Thursday, November 10, 2011
It's for the Kids
Ok, even if I wasn't Peeta-crazy, say what now?!
I am very much aware of the similarities between Battle Royale and The Hunger Games, although I haven't ever read the former. But I really think this is just one of those ideas that gets used a lot, so there's no way to really say the idea was "stolen."
However my main beef with these types of comments is the dismissal of it being "for kids" in such a condescending way. I'm 19, so maybe I get riled up at this comment because I'm in limbo between childhood and adulthood and get in the defense about that part of me still in kid mode. But I'd hope anyone would look at these comments in a similar way that I do. And that's "well, why shouldn't there be a version of this for kids?"
There are concepts, themes, and ideas in The Hunger Games that kids should learn and be exposed to. I admire Suzanne Collins' skill, because while she does portray the horror of the situation, she doesn't do it in a way to alienate a majority of the YA audience with vast depictions of violence (depending on the kid, I'd think anywhere from ages 12-14 they could read this book). If she had created another Battle Royale, then I don't think the book would have reached as many kids (or adults), even with the same themes and storyline.
I feel the same way with Speak. It took me a long time to read Speak because before I thought, "Ew, rape. It's going to be so graphic!" But I finally decided to read it, and Laurie Halse Anderson is able to talk about rape in a way that doesn't mask the troubles and terrors that come with rape, but she also doesn't make it into a big scene that scarred me with too many details.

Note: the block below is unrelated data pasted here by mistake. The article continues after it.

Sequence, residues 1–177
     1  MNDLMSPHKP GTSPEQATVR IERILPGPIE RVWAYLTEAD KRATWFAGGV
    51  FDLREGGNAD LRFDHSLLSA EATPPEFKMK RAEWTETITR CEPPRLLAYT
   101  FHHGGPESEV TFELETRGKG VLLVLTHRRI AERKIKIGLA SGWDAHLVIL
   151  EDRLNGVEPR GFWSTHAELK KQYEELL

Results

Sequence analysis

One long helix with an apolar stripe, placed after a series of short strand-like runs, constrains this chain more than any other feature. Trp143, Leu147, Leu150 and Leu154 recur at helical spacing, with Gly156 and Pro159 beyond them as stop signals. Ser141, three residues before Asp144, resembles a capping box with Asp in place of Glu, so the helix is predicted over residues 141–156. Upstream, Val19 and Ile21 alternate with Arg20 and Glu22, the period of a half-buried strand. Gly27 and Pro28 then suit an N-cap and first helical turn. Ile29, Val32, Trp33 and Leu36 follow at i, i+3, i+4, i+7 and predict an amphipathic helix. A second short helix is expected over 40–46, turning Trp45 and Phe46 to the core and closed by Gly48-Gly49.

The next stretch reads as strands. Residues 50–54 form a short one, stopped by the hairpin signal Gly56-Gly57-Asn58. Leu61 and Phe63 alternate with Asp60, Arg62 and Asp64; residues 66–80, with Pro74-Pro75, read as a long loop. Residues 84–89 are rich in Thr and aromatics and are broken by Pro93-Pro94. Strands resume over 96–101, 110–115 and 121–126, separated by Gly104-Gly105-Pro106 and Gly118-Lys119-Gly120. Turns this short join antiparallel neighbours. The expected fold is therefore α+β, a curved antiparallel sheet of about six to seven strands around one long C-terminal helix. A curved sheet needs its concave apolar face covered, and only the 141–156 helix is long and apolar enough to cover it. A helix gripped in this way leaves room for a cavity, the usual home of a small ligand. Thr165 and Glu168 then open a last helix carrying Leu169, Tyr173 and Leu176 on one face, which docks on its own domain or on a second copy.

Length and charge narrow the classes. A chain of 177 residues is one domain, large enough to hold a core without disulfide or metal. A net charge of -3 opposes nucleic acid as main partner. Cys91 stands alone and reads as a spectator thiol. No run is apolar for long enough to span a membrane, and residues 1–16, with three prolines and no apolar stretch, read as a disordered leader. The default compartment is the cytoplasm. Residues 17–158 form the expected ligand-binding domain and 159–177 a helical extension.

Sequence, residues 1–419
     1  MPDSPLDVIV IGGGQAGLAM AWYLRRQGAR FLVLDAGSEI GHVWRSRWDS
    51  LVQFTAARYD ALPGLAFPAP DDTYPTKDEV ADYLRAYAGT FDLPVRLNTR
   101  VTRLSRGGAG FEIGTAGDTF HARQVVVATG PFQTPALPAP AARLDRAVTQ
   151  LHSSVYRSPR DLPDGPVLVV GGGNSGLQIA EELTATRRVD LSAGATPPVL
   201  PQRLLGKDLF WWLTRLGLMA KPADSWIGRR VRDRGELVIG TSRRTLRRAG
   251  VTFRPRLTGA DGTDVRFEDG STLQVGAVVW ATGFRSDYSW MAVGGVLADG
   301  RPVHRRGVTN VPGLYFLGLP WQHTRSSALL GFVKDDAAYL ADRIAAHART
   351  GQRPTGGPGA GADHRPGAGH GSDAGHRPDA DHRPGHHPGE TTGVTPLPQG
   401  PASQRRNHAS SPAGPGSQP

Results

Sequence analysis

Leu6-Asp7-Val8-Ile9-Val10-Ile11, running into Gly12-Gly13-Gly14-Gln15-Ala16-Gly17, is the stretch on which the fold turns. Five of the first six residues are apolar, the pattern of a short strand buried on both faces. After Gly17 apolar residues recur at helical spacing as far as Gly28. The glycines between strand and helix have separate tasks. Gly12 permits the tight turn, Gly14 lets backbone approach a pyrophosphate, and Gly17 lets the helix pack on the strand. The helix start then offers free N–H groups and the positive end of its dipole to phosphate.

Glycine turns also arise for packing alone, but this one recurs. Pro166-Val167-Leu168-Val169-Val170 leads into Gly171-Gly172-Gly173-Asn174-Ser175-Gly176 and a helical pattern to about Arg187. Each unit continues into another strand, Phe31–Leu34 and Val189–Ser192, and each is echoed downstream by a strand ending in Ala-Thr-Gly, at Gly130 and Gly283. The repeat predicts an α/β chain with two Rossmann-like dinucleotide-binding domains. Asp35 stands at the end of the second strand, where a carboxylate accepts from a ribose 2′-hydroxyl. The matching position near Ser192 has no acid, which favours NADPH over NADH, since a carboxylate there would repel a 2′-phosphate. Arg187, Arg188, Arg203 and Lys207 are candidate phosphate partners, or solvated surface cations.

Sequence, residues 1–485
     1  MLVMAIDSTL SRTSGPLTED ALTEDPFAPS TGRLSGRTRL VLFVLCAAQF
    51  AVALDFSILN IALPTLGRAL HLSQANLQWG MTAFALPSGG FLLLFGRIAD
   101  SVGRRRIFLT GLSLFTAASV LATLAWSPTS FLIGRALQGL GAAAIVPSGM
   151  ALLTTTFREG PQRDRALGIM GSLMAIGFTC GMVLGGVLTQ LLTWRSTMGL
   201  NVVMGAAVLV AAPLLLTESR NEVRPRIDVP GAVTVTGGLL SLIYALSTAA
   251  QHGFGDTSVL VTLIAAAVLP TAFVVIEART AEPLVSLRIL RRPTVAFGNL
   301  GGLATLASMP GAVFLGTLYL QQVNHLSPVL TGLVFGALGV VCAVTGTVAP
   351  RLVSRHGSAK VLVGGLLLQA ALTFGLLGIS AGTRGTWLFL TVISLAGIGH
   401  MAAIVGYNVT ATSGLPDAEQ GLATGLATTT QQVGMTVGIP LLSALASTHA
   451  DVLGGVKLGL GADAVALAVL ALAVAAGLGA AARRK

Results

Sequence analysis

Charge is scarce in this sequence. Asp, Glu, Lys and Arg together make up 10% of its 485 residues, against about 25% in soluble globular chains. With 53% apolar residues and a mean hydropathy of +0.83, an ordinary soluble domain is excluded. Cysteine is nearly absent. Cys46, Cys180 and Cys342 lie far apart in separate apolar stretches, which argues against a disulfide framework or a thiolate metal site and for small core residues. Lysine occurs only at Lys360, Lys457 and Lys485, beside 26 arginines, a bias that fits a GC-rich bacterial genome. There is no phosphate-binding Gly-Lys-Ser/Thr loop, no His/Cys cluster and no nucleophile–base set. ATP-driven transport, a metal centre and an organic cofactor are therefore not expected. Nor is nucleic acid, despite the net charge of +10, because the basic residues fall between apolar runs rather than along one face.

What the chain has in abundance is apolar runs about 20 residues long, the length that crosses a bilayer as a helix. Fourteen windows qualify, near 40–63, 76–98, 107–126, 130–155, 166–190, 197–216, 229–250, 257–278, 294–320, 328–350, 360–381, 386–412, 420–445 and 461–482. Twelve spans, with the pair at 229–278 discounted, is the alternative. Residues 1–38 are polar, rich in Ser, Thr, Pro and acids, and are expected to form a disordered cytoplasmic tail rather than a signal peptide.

I know some people have a much more relaxed view of what kids should be exposed to. And I know some people are stiff-necked about it. I fall in the middle. Laurie Halse Anderson explained in a note at the end of my copy of Speak that, "America's teens are desperate for responsible, trustworthy adults to create situations in which they can discuss the issues that are of high concern for them." I don't believe in making an overly-graphic novel for a YA audience (and I don't consider The Hunger Games to be overly-graphic, so I wouldn't exactly say I'm a prude about it), but I don't believe in covering up subjects, either. It all comes down to the "responsible, trustworthy" part. Kids are expecting truth, but they're expecting it in a form they can become comfortable with the issues. And that's where books like The Hunger Games and Speak come in. Two different genres, two different subjects, but both targeting to YA and their needs.
So, to those negative commentors, yes, The Hunger Games can be seen as a Battle Royale for kids, but I don't think that makes it worse. I think it makes it even better.